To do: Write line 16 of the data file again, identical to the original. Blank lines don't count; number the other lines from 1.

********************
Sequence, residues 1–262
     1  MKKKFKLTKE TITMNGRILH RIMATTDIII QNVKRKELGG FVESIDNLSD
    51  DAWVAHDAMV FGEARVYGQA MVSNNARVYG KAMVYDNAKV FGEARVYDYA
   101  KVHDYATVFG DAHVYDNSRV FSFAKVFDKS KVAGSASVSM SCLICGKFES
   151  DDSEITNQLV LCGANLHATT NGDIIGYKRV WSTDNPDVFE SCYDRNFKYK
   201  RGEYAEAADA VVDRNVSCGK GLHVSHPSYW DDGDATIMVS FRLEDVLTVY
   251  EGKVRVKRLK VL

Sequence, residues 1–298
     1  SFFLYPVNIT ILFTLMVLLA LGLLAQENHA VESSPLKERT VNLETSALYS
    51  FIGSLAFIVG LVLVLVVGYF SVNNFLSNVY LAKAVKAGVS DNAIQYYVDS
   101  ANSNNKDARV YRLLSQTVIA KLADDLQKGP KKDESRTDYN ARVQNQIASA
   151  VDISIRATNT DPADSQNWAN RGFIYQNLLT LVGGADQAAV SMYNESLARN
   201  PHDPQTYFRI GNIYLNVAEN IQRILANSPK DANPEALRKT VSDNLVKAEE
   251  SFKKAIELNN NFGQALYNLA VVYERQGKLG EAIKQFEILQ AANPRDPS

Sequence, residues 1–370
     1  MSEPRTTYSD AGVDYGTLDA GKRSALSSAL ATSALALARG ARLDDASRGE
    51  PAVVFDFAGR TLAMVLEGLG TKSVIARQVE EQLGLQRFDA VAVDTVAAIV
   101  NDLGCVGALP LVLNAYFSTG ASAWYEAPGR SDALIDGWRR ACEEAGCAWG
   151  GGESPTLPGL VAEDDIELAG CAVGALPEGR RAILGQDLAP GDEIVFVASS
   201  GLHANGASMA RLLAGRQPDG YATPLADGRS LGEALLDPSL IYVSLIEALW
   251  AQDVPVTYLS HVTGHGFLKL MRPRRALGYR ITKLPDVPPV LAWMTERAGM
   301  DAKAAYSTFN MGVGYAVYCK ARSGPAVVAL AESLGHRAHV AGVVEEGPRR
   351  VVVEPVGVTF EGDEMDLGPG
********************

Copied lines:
     1  MSEPRTTYSD AGVDYGTLDA GKRSALSSAL ATSALALARG ARLDDASRGE